Sakhi Steams Ahead with Furthering Language Access in the Courts

Sakhi’s Court Interpreters Project, which we initiated in the mid-1990s as a way to address systemic gaps and flaws within New York City’s interpreting services for court users, had momentous outcomes in 2008.

We disseminated, collected, and analyzed the results of our groundbreaking survey of 157 court interpreters across the country—gauging both their sense of what needed to be fixed within the court system and what steps could be taken to improve their own performance in order to ensure equal access to justice. The survey was developed as part of a coalition called the Justice Speaks Initiative, which Sakhi co-chairs.

Adélia Ramos de Almeida, a federally-qualified Portugese interpreter who works in New York, New Jersey, and Connecticut courts, said of Sakhi’s policy advocacy, “I believe Sakhi’s work is extremely important because they are voicing the concerns of people who are mostly helpless for a multitude of reasons including the lack of language ability. It is vital that someone reaches out to court interpreters so that we understand our role in giving such people a chance in justice. Also, the quality of interpreters must be continuously monitored but is a very difficult task. I believe Sakhi has contributed significantly to that, and I hope they will be able to continue as we have a long way ahead of us.”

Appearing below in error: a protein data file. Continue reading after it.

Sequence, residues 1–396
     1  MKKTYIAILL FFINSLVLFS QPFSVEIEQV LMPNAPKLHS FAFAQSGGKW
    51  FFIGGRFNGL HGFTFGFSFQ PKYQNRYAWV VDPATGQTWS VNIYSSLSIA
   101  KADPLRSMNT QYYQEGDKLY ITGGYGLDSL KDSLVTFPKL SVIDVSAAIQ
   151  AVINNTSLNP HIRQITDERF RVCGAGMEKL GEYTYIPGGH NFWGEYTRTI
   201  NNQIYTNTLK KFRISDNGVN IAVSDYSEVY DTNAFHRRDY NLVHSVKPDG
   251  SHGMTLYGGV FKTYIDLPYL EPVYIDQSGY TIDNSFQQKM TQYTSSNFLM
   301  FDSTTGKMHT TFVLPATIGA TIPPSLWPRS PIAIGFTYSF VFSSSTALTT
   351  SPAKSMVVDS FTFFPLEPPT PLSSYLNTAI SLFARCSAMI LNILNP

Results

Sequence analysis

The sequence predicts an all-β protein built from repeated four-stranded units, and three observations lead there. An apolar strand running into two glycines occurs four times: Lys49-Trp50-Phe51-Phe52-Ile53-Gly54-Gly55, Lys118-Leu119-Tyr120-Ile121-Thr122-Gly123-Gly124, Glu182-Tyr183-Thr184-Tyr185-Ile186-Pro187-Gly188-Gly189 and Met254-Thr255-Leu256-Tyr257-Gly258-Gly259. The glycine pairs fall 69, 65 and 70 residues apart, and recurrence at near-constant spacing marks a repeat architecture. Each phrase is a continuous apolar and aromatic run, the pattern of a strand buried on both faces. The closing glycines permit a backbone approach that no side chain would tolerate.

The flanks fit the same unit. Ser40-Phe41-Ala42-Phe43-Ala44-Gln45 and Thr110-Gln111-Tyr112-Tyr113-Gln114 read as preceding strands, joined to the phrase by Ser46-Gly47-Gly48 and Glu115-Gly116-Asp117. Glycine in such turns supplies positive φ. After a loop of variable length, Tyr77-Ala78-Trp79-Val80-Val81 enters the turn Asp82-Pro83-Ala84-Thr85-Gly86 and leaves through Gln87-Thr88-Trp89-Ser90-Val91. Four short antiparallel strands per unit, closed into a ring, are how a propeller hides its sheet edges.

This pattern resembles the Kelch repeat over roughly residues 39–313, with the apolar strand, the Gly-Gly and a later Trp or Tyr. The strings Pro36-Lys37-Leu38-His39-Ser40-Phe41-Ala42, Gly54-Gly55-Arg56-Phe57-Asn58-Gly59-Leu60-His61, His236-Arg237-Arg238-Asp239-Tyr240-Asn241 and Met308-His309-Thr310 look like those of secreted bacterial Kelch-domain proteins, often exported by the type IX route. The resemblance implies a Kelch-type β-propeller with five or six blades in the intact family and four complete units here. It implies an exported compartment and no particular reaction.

Sakhi Executive Director Purvi Shah shared some of the survey’s results in a preliminary report that also included key findings and recommendations during a May panel sponsored by the New York City Bar Association. The panel was addressed by the Hon. Judge Ann Pfau, and other panelists included Nancy Mangold, a director at the New York State Office of Court Administration, as well as interpreter Lionel Bajana, and attorneys Vivan Huelgo and Dimple Abichandani.

Sakhi’s report noted that a majority of interpreters actually requested more training in key sensitive areas such as domestic violence, child abuse, and sexual assault, and a majority also indicated that they felt insufficiently prepared in cases involving these topics. It also pointed out that survey respondents felt the role of court interpreters needed to be better understood not only by the public, but by attorneys and judges as well.

Lionel Bajaña, a Bronx County Supreme Court Interpreter, signaled the importance of Sakhi’s research, saying, “Sakhi is the prudent observer that shares its perspective on issues of equal language access and survivors of domestic violence with the interpreting profession in an effort to effectively address the very delicate nature of domestic violence, the interpreter and the Law. Sakhi’s research on Court Interpreting is mostly unprecedented and I’m sure will contribute to a new, but growing, area of research.”

Sakhi Domestic Violence Program Advocate Kajori Chaudhuri also presented on Sakhi’s unique work on court interpreters during a separate May event, the National Association of Judiciary Interpreters and Translators 29th Annual Conference, held in Pittsburgh, Pennsylvania. She shared and highlighted data from both the 2008 survey and an earlier survey conducted by Justice Speaks of 171 court users from 2007, which demonstrated the need for further language access measures and reform.

Sakhi aims to further develop its findings and conduct more work centering on court interpreters in 2009 thanks to a generous grant supporting this area of research provided by the Ford Foundation.